Cookbook cover for THE SOUTHERN SYMPATHY COOKBOOK: Funeral Food with a Twist


Perre Coleman Magness

Countryman Press
January 16, 2018
ISBN-13: 978-1682680384

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Perre Coleman Magness is an event planner and food writer. She is the author of Pimento Cheese: The Cookbook and blogs at The Runaway Spoon. She has studied food and cooking around the world and lives in Memphis, TN

Comforting casseroles; jugs of sweet tea; creamy, cheesy potatoes—all these foods provide sympathy and sustenance for the bereaved. There are times when your instinct, your heart’s reaction, is to prepare food. To comfort a grieving family and remove at least one mundane worry from their day. To help out a friend in need who would do, or has done, the same for you. To feel useful in a fearful time.

The problem is, what exactly should you make to provide comfort, show kindness, and hopefully bring some joy? The recipes in this book are meant to do just that—be the perfect dish for the funeral gathering, or for a family in mourning at home. In THE SOUTHERN SYMPATHY COOKBOOK, author and event planner Perre Coleman Magness covers all the bases, from full-on casseroles and sheet cakes to salads, breakfasts, and snacks.

Sweet Tea Bread

Makes 1 loaf

Sweet Tea is so ubiquitous and all encompassing in the South, we use it in just about any way we can. This light, delicately flavored quick bread is perfect for breakfast or an afternoon gathering, packaged up nicely with a ribbon or sliced on a silver platter.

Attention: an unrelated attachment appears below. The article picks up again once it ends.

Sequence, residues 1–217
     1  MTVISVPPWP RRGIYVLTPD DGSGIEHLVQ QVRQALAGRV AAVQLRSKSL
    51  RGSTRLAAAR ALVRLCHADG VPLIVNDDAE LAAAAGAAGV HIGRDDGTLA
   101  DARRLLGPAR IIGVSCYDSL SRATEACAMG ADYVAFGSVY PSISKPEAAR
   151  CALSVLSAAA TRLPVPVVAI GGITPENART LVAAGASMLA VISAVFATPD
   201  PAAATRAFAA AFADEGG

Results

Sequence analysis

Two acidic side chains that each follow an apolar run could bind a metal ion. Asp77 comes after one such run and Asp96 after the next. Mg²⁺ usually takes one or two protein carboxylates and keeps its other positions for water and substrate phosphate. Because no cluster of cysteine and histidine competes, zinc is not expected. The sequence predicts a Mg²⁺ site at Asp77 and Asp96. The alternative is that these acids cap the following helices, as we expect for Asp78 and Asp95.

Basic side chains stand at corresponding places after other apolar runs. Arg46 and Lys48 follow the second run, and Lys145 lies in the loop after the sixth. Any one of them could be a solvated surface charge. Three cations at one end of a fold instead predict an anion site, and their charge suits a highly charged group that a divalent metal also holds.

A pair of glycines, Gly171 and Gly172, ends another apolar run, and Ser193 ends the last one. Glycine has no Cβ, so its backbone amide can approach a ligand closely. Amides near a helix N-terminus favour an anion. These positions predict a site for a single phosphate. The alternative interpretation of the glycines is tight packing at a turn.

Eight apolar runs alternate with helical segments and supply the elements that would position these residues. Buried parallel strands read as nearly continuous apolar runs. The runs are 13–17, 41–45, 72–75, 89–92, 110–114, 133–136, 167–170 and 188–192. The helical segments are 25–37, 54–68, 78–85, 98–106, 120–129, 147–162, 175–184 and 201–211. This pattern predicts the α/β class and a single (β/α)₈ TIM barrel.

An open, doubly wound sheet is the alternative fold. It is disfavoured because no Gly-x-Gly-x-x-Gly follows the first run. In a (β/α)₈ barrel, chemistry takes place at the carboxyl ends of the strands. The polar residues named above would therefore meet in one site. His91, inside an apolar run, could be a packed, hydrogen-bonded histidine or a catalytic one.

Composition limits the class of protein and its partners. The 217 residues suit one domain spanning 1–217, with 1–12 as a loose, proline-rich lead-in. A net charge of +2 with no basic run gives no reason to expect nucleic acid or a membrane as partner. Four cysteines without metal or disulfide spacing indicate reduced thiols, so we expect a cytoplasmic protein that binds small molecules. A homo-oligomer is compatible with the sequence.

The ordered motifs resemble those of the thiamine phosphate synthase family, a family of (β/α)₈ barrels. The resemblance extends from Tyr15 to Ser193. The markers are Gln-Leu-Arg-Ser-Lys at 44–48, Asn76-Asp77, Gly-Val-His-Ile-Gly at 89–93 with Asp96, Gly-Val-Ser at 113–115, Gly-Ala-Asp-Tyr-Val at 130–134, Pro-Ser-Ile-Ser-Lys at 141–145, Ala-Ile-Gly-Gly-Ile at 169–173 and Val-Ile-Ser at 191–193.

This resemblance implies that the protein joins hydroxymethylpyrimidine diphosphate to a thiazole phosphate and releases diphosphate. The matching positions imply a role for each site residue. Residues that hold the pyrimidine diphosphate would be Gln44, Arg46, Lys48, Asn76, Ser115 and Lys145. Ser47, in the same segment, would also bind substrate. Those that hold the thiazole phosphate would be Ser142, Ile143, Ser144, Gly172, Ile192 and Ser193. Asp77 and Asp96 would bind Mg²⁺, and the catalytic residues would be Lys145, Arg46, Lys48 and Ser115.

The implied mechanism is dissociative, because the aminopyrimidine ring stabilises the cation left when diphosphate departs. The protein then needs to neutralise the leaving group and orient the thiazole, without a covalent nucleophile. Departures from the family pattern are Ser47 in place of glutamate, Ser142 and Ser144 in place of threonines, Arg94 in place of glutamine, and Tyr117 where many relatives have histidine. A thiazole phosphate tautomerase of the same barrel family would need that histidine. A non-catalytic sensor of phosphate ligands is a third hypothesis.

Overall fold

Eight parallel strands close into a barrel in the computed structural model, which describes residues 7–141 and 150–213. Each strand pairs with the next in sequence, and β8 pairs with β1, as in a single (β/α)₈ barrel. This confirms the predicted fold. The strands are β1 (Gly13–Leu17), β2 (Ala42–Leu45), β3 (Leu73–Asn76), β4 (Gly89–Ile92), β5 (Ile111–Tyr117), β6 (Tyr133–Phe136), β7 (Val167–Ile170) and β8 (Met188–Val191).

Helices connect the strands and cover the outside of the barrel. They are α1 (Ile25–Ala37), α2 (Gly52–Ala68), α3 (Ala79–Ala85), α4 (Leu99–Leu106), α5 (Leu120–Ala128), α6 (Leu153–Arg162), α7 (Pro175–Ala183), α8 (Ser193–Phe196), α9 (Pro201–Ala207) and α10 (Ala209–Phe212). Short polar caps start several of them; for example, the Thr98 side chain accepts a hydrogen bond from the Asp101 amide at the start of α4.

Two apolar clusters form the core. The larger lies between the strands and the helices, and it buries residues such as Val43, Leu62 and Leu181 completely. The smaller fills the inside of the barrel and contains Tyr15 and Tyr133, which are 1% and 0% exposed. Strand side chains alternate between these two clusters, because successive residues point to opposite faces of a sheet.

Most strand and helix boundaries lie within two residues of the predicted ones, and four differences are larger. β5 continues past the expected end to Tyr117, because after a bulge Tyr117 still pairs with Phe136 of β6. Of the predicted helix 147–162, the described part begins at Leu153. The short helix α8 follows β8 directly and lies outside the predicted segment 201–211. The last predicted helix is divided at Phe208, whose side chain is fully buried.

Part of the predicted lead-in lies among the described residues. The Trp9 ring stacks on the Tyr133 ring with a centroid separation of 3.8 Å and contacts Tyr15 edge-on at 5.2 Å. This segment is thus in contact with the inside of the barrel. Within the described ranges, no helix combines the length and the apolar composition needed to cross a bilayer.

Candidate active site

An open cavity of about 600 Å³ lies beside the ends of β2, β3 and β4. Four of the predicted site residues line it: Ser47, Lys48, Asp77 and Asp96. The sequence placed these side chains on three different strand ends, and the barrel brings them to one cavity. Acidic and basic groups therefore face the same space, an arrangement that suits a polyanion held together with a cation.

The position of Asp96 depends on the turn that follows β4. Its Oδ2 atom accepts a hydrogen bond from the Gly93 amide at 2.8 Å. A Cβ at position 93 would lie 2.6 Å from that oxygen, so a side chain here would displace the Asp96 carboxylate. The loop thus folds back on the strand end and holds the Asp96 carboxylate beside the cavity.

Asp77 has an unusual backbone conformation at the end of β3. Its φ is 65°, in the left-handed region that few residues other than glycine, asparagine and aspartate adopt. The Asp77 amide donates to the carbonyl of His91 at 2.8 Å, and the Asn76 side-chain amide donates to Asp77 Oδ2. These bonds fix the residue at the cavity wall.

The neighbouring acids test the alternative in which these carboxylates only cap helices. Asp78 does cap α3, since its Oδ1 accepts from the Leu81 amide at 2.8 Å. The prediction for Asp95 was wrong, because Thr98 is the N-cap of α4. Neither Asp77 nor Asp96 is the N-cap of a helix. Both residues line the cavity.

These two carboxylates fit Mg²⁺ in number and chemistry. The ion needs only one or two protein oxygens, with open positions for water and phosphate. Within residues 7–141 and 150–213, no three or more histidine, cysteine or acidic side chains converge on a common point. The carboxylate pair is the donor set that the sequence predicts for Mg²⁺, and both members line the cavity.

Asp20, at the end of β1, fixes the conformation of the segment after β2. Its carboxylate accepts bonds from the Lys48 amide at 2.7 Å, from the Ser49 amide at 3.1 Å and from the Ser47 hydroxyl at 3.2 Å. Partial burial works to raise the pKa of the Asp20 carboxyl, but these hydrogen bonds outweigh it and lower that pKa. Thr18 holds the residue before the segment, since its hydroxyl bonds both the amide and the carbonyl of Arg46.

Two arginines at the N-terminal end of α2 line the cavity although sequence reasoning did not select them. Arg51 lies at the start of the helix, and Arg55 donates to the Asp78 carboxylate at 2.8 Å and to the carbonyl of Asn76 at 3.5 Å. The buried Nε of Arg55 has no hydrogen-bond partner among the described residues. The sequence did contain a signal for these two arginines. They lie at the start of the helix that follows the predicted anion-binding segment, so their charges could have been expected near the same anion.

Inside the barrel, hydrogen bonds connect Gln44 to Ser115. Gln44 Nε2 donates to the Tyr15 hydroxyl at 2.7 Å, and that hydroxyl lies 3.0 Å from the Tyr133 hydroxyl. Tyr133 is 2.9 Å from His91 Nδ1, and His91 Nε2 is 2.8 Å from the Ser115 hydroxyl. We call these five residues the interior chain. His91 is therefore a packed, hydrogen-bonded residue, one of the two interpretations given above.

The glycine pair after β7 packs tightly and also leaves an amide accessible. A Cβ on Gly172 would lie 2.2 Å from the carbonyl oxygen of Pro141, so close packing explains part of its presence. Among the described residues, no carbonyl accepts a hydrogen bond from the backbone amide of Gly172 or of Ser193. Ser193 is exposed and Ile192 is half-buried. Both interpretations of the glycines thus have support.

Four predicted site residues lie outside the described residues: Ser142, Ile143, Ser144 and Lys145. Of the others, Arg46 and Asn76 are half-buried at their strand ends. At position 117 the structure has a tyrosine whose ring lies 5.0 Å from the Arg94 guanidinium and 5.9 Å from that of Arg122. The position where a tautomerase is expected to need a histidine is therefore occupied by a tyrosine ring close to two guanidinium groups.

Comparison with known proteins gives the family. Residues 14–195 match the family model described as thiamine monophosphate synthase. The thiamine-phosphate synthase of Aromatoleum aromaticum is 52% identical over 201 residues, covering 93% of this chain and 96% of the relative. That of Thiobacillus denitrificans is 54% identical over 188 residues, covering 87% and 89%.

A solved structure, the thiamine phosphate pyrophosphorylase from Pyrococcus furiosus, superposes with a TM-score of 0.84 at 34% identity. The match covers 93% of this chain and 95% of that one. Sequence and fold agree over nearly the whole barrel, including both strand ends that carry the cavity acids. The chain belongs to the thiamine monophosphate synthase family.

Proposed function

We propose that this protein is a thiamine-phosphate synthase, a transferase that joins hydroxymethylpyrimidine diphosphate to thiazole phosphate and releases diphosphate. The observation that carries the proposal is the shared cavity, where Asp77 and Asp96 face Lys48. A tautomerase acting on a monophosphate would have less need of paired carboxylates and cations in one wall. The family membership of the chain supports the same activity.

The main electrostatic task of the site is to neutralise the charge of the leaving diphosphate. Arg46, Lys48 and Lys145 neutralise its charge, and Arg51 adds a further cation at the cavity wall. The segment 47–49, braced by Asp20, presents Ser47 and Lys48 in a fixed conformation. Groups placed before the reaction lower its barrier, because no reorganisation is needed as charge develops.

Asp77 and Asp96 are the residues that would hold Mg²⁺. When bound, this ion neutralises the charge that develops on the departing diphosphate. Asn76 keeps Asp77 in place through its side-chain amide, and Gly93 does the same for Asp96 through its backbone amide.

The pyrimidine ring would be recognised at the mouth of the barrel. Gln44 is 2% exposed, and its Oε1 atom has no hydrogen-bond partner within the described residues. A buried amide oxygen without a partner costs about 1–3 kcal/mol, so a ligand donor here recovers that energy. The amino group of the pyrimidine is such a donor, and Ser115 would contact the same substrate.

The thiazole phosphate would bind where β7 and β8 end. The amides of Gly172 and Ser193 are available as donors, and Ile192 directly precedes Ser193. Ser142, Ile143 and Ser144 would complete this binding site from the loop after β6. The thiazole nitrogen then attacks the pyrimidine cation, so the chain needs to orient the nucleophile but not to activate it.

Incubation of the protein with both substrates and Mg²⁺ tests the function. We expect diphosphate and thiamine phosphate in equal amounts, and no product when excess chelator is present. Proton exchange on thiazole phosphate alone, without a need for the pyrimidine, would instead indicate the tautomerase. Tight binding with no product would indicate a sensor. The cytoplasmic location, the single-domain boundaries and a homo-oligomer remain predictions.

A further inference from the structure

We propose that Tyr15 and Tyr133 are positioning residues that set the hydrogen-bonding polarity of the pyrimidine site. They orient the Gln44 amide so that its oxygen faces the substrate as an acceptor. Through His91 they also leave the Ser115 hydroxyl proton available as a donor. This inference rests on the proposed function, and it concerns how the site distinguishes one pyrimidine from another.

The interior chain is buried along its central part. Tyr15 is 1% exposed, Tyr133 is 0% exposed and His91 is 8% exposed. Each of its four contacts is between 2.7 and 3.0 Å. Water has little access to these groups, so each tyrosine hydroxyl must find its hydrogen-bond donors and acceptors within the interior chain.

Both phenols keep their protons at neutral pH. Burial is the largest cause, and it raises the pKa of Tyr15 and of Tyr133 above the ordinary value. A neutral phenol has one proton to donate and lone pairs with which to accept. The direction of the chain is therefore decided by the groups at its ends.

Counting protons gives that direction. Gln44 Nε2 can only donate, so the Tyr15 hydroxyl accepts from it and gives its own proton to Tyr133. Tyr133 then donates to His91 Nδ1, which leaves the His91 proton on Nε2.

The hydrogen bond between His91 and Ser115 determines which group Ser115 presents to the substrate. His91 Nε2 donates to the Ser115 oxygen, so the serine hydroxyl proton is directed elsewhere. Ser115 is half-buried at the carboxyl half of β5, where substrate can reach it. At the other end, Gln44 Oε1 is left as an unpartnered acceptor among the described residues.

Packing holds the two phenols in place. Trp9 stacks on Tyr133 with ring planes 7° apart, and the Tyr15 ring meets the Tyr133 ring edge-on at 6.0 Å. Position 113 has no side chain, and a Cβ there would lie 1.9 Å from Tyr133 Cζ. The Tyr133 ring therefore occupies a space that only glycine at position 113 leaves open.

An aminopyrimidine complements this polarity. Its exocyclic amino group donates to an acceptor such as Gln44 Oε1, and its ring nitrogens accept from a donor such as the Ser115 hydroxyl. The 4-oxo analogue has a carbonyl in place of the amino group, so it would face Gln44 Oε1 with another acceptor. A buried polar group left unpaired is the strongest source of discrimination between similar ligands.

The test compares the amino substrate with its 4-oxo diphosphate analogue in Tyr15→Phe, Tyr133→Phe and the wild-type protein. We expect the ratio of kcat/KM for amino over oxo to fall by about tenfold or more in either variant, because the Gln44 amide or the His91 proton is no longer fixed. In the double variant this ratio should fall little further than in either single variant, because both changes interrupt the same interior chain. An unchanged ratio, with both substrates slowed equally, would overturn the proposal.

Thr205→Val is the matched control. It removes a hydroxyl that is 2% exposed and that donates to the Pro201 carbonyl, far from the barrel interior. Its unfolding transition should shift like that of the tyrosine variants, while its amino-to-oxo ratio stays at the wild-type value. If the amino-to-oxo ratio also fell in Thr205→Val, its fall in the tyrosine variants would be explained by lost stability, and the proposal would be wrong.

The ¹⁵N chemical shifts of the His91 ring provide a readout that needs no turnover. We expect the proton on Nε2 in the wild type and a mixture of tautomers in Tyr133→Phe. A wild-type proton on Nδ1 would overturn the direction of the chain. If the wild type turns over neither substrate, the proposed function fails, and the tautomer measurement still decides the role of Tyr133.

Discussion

• 1 family-sized tea bag
  • 2 sprigs mint, plus 1 tablespoon finely chopped mint
  • 8 tablespoons (1 stick) unsalted butter, at room temperature
  • ¾ cup granulated sugar
  • Zest of one medium lemon
  • 2 large eggs
  • 1½ cups all-purpose flour
  • ½ teaspoon baking powder
  • ½ teaspoon salt
  • ¾ cup confectioners’ sugar

Put the tea bag and 2 sprigs of mint in a measuring cup. Add 1 cup boiling water. Steep for 30 minutes, then remove the tea bag and mint. Cool to room temperature.

Preheat the oven to 350ºF. Spray a 9-by-5-inch loaf pan with baking spray.

Beat the butter and sugar together in the bowl of a stand mixer fitted with the paddle attachment until light and fluffy. Beat in the lemon zest and 1 tablespoon of finely chopped fresh mint. Add the eggs, one at a time, beating well after each addition and scraping down the sides of the bowl.